Planes are reserved on a first-come, first-served basis. There are some restrictions on reserving the trainers, since we want them available for students. There is a maximum of 4 reservations that can be made, and they are not allowed to be taken overnight. However, both of these rules can be waived with proper approval (e.g., students trying for the long cross country flight often are allowed to block out more than four tries, and if a trainer is available at the last minute with no reservations the next day, it is often allowed to be taken overnight). We have three identical Skyhawks for trips but require one to be available at the club at all times for lessons. (Think how you would feel as a student with all the planes gone!)

We now have an electronic reservation and dispatch system, so you can make reservations and check plane and instructor availability through the web. Every member dispatching a plane for flight is personally responsible (remember PIC?) to insure that all maintenance inspections are current and the plane is airworthy for flight! We do superb maintenance, but you are "pilot in command!"

What if someone else has reserved the plane?

First-come, first served. That said, pilots do often cancel trips. So, members are free to sign up as #2 in a slot, in case the #1 pilot does not make the trip. And sometimes if a VFR pilot is #1 for a plane, the weather may scrub the trip, but an IFR pilot signed up as #2 could go. Also, we ARE a club and we try to maintain a friendly atmosphere. If someone is planning a trip for a couple days and someone else has the plane for a single hour during that period, it's often possible to get the pilot to switch that hour to a different plane, or even a different time. Most members are willing to help each other out and try to accommodate each other. This is especially true with checkrides and students training for checkrides -- we try to give them priority, as most of us remember when we were in the same spot.

So, as a full member, could I sign-out the plane for, say, a month, and fly to California and back?

Yes. As a matter of fact, we have members that have done just that (summer trips, honeymoons, etc.). In order to reserve a plane for that long of a time, especially in the summer, the reservation must be made ahead of time. And it's usually best to clear very long reservations with the club manager first, since he might know of any planned maintenance (to that plane or others) or other issues that might impact a reservation. Additionally, provisional members are limited to single overnight reservations until becoming full members. This rule prevents someone from joining merely to "rent the plane" and fly to Oshkosh for instance.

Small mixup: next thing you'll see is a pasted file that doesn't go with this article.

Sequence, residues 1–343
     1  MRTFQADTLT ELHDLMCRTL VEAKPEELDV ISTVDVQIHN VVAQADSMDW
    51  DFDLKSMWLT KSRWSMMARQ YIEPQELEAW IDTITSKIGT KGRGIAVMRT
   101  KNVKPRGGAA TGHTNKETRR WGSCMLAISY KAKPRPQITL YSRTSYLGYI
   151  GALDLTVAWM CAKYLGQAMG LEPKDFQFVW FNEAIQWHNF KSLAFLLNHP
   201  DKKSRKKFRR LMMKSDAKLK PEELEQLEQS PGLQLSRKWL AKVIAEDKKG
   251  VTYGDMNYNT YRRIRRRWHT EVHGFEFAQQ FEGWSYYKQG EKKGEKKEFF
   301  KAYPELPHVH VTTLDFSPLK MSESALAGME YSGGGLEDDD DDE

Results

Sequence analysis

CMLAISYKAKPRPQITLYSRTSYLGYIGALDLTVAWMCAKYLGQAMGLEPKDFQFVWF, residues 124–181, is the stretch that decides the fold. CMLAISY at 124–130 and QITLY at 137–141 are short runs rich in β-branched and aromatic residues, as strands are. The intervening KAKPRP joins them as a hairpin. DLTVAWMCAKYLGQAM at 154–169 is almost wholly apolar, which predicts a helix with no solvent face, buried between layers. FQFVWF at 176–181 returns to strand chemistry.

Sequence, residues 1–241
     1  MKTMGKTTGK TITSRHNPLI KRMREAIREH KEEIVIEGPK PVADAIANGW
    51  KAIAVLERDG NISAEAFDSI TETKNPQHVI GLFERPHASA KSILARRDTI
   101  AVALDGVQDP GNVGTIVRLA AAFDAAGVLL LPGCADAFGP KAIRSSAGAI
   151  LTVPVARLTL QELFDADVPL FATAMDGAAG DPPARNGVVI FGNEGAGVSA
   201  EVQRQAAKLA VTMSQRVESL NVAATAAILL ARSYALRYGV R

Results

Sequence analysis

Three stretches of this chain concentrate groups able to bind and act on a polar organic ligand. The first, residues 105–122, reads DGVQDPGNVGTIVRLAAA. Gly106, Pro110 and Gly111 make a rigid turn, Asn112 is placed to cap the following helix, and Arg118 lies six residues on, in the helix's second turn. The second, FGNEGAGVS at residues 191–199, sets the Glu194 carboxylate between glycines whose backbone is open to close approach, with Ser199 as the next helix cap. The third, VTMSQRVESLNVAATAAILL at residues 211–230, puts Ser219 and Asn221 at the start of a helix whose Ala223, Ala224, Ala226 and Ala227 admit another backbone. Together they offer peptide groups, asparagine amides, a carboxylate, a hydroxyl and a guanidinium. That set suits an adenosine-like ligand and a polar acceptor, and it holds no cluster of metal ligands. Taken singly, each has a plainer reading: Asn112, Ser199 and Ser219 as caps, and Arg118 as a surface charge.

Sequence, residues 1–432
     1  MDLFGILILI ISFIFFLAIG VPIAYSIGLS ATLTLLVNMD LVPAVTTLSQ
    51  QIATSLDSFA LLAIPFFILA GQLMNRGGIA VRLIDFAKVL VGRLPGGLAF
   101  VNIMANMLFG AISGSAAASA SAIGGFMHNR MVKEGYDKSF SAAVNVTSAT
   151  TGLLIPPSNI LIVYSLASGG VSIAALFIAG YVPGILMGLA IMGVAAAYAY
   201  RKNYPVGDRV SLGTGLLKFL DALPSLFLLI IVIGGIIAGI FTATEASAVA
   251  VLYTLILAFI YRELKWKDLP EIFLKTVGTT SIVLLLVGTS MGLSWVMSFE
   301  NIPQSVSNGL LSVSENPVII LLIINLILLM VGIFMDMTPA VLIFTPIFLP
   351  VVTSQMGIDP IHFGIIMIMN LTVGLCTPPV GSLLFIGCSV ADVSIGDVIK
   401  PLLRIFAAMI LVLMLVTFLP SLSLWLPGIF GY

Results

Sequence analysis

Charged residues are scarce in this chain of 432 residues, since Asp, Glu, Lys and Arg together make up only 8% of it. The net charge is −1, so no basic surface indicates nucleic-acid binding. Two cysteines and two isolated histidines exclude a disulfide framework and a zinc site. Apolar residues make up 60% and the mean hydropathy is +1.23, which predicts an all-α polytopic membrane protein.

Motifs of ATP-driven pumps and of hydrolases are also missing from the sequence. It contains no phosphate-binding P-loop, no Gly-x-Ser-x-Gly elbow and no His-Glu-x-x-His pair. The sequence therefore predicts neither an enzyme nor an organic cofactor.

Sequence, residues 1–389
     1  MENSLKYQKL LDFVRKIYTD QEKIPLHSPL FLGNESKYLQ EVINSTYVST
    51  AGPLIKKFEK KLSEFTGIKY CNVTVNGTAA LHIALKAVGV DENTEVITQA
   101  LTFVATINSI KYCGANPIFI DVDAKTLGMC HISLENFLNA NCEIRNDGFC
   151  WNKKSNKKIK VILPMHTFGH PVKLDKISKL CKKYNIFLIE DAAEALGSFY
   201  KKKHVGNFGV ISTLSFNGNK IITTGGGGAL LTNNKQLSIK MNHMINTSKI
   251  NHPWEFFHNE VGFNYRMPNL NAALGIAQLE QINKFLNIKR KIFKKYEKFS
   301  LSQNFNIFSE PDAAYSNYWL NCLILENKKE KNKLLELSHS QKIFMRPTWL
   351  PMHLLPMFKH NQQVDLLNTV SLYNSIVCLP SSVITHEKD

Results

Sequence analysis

What are the aircraft check-out procedures?

We have an annual checkout (minimum three hours) that mirrors the biannual review to rent club aircraft. A flight must be done in each type to qualify. The chief instructor has the final say in terms of proficiency, but every instructor is qualified to fly and approve members annually. Initial checkout in the Mooney is a 10 hour checkout, plus a 100 hour total time minimum experience requirement. The Citabria (tailwheel) requires a minimum 10 hour check-out and endorsement and currency every 45 days. These minimums can be waived by the chief instructor (only) based on previous experience.

Who comprises the membership?

We have about 250 members who run the range from student pilots to multi-engine ATPs. There are people from all walks of life and from all ages, from young teens to their 80s. Another benefit of the club is that the members ARE people in the local community, with varied interests. Some fly home-builts, some fly jets, some fly for fun, some for money, some for convenience, and many other reasons. The common thread is the love of flying. Club events are great "mixers" and build our sense of community and camaraderie. Members are expected to serve at our twice annual pancake breakfasts. Additionally, all members will receive (buy) 4 tickets for every breakfast. We hope you give or sell these to friends who are interested in aviation.

What are the peak times / lull times?

Winter months are often our lull time due to weather and summer is our peak time. That said, there is plenty of flying that's done in the winter. We do training all year round, in all types of weather (broadly speaking -- obviously, we don't do thunderstorm training, ice training, or advanced hurricane discovery flights). For instruction, sometimes reservations need to be made a couple weeks in advance, especially if the student only has certain times available. However, students can schedule up to 4 lessons ahead of time, so after each lesson, the student can schedule another lesson and keep their "pipeline" full. Planes are usually available, although for popular times (e.g., Memorial Day, 4th of July) they do get booked up a few months in advance for trips.

Is there anything else that you would like to offer in terms of neat-to-know stuff?

The club emphasis has always been focused around flight training. Our number one concern and goal is safe flying and anything less is not tolerated. We also like to promote mentorship and the social aspect of flying that you won't find at FBOs and smaller clubs. We have numerous social activities and club trips planned throughout the year. We have a partnership with a local community college for an aviation degree program and now provide a twin on occasion for advanced training. The club is always open to ideas for new adventures and experiences...contact a member of the board or the chief instructor with your ideas!